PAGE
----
My Math Forum Reals are uncountable - without Cantor diagonal argument

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 July 5th, 2016, 01:55 PM #11 Global Moderator   Joined: May 2007 Posts: 6,510 Thanks: 584 I surrender. I was trying to present a simplified proof based on measure theory without invoking measure theory. The basic proof is simply the following: The unit interval has measure 1. Any countable set has measure 0. Therefore, the unit interval is not countable.
 July 5th, 2016, 02:58 PM #12 Math Team   Joined: Dec 2013 From: Colombia Posts: 7,305 Thanks: 2443 Math Focus: Mainly analysis and algebra Measure theory is not something I'm familiar with. That bald statement is very clear and obviously serves as a proof, but it hides all understanding of the issues. For someone not familiar with measure theory it raises more questions than it answers. Not that that is necessarily a bad thing if one has the time and the inclination to follow up on those questions. It's certainly something that has some interest for me, but it's not my top priority right now. Thanks from manus
 July 5th, 2016, 04:01 PM #13 Senior Member   Joined: Nov 2010 From: Berkeley, CA Posts: 174 Thanks: 35 Math Focus: Elementary Number Theory, Algebraic NT, Analytic NT @mathman, Your proof is valid. For example, see Proposition 2.2 (d), Proposition 2.3 and Corollary 2.4 in this paper.
 July 6th, 2016, 03:30 AM #14 Senior Member   Joined: Mar 2015 From: New Jersey Posts: 1,363 Thanks: 100 You can't compare distances with number of points because points have no measure (width), so the OP is meaningless. You can't use number of points as a distance. There is a distance between points, but a countably infinite number of points between them. Therefore the OP and post #11 are incorrect. Thanks from manus
July 6th, 2016, 04:55 PM   #15
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 Originally Posted by v8archie Measure theory is not something I'm familiar with. That bald statement is very clear and obviously serves as a proof, but it hides all understanding of the issues. For someone not familiar with measure theory it raises more questions than it answers. Not that that is necessarily a bad thing if one has the time and the inclination to follow up on those questions. It's certainly something that has some interest for me, but it's not my top priority right now.
That was the point of my original statement. I was trying to present a simplified version, so one would not have to learn measure theory to understand the proof.

July 16th, 2016, 01:53 PM   #16
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 Originally Posted by mathman That was the point of my original statement. I was trying to present a simplified version, so one would not have to learn measure theory to understand the proof.
You don't need measure theory. If you have a 1 M long line and marbles that are .2 meters in dia, you can fit 1M/(.2M/marble) = 5 marbles in the line.

If the marbles have no width, the number of marbles is 1M/0, which is undefined and meaningless. To get a pure number (count) you have to have a dimension in numerator and denominator to cancel out.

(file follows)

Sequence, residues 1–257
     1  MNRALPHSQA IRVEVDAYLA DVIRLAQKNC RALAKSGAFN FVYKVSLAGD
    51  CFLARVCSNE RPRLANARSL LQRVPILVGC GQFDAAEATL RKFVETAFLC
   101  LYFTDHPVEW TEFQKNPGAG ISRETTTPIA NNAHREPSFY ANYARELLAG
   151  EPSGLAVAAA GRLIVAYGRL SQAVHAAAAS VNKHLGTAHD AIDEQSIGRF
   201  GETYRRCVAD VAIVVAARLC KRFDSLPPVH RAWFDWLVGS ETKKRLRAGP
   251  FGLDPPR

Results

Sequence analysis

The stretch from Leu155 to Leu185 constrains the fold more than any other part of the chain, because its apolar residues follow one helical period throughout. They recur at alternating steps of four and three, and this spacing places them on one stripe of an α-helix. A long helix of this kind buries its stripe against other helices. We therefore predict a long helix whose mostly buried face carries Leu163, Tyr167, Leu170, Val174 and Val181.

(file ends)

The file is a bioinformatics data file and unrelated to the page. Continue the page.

You don't need abstract mathematics to think, on the contrary.

July 16th, 2016, 06:14 PM   #17
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 Originally Posted by zylo You don't need measure theory. If you have a 1 M long line and marbles that are .2 meters in dia, you can fit 1M/(.2M/marble) = 5 marbles in the line. If the marbles have no width, the number of marbles is 1M/0, which is undefined and meaningless. To get a pure number (count) you have to have a dimension in numerator and denominator to cancel out. You don't need abstract mathematics to think, on the contrary.
This is just a statement that you don't understand the subject.

July 17th, 2016, 01:06 PM   #18
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 Originally Posted by zylo You don't need measure theory. If you have a 1 M long line and marbles that are .2 meters in dia, you can fit 1M/(.2M/marble) = 5 marbles in the line. If the marbles have no width, the number of marbles is 1M/0, which is undefined and meaningless. To get a pure number (count) you have to have a dimension in numerator and denominator to cancel out. You don't need abstract mathematics to think, on the contrary.
If the number of marbles is countable, you can sum the zeros to get zero. That is why the number cannot be countable.

July 18th, 2016, 05:08 AM   #19
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 Originally Posted by mathman If the number of marbles is countable, you can sum the zeros to get zero. That is why the number cannot be countable.
Makes no sense. What is the size of a marble? If I have n marbles that fit into a unit length, the size of the marble is 1/n.

July 18th, 2016, 08:28 AM   #20
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 Originally Posted by zylo Makes no sense.
The fact that you are not able to understand something is a sign of a flaw in your own intelligence, not in that of other people.

 Tags argument, cantor, diagonal, reals, uncountable

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